1734, “VERMILION”, in The Builder's Dictionary: Or, Architect's Companion, volume II, London: Printed for A. Bettesworth and C. Hitch, […] and S. Austen, […]:
Take ſix Ounces of Brimſtone, and melt it in an Iron Ladle, then put two Pound of Quick-ſilver into a ſhammy Leather, or double Linnen Cloth, and ſqueeze it out into the melted Brimſtone, ſtirring them, in the mean Time, with a wooden Spatula till they are well united; and when they are cold, beat the Maſs into a Powder, and ſublime it in a Glaſs-veſſel, with a ſtrong Fire, and it will riſe into that Red Subſtance, which is called artificial Cinnabar or Vermilion.
1911 February 24, Outram Bangs, “Two New Birds from the Island of Molokai”, in Proceedings of the Biological Society of Washington, volume XXIV, page 29:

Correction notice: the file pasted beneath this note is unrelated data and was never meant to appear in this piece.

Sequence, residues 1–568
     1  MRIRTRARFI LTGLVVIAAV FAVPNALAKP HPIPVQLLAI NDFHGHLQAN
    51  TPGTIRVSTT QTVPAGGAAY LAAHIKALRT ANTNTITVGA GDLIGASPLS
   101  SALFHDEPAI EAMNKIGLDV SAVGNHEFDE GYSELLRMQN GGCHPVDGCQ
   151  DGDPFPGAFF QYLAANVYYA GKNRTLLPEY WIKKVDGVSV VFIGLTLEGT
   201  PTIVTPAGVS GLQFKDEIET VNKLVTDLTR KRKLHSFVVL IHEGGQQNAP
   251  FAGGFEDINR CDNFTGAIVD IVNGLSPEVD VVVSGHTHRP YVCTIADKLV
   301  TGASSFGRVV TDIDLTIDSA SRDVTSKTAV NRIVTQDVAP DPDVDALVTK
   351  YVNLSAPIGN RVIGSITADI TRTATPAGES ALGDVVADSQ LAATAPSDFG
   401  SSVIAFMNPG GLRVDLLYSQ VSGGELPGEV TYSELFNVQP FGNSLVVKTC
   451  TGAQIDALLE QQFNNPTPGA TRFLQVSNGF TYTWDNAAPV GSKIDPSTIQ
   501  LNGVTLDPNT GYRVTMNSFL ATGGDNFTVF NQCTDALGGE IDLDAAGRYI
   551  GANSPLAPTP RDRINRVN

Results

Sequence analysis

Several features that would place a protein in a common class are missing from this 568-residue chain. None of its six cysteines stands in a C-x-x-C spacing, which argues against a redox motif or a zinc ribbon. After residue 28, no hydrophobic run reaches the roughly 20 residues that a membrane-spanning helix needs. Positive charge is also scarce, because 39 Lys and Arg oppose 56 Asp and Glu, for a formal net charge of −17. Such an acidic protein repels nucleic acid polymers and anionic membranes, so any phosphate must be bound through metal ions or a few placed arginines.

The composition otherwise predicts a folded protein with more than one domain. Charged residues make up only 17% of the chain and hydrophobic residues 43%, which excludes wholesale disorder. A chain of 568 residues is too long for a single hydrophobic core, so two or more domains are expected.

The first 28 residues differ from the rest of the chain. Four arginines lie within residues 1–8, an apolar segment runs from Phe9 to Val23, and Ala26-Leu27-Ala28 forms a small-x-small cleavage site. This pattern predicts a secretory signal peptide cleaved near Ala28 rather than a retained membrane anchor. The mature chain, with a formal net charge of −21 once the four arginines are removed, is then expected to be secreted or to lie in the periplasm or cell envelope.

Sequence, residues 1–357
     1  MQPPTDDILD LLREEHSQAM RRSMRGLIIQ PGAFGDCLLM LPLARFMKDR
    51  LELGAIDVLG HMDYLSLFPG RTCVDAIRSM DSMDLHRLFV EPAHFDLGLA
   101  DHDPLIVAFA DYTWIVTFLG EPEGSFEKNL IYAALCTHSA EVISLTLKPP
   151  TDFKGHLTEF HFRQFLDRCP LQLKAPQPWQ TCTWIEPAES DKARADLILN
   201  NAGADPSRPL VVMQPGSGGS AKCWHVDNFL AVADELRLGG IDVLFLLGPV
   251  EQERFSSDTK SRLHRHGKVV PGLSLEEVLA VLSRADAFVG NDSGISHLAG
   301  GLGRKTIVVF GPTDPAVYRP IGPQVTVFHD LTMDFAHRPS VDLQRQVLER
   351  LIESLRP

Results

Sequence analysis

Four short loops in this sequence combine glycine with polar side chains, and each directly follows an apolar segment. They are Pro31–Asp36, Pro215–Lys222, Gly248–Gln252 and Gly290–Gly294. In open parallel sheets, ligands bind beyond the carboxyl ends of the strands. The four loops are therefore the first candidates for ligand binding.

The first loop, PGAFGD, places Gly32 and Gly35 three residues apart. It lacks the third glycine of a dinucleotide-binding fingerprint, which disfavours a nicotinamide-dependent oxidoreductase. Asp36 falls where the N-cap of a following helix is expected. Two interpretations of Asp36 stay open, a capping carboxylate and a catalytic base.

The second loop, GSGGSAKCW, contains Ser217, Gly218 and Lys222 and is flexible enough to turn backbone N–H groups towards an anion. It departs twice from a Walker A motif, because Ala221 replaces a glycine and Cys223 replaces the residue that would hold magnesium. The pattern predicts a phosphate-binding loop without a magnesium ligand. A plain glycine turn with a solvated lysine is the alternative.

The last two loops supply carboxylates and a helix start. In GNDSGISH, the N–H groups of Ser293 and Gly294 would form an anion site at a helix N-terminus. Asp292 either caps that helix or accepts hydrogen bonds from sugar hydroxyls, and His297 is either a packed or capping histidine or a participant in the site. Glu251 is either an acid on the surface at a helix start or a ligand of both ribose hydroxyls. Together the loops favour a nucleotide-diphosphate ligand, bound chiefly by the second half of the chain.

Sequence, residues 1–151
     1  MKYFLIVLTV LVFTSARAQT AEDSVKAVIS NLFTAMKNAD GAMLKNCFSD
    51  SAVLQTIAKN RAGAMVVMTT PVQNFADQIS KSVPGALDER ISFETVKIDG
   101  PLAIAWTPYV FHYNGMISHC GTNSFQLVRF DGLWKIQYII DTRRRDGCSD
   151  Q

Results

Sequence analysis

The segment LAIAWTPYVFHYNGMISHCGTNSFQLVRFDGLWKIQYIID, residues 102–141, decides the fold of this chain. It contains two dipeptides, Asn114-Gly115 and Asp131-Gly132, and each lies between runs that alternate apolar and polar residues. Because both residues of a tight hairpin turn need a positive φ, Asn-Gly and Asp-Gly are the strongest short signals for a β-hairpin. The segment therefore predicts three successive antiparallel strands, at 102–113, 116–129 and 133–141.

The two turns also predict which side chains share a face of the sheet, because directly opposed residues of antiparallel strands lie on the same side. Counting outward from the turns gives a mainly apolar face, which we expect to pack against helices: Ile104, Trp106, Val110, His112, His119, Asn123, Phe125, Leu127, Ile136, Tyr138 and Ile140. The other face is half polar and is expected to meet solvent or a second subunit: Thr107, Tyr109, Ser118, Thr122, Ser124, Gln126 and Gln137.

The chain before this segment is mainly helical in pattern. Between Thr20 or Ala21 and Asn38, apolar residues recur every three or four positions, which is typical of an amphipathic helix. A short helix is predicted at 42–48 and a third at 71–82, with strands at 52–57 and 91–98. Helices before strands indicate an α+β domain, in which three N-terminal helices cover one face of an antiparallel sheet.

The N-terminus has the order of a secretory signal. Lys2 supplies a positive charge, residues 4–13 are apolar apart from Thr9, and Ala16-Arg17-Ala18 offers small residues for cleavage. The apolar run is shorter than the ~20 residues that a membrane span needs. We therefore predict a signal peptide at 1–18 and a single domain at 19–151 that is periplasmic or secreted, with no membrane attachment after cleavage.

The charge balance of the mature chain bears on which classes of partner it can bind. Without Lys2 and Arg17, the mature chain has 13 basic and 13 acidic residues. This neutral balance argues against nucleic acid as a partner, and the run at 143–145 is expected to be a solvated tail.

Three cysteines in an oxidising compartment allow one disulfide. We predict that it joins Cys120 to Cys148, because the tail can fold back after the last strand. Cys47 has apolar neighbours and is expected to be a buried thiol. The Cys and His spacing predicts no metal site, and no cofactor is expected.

While this particular difference in the shade of vermilion is very striking in the symmetrical, smooth skins of even and regular make, which I have just compared, I must confess that it probably would not be in rough skins such as some European ornithologists appear still content with.
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1774 March, “Coraly: A Portrait”, in The Hibernian Magazine, or, Compendium of Entertaining Knowledge, page 160:
Coraly has few of thoſe charms that conſtitute perſonal excellence—her cheek is pallid—her eye no brilliant; but when the latter beams benevolence, or ſparkles with mirth—when the former is ſuffuſed with the captivating bluſh of modeſty, or vermilioned with the glow of the tender paſſion, there are none more pleaſing.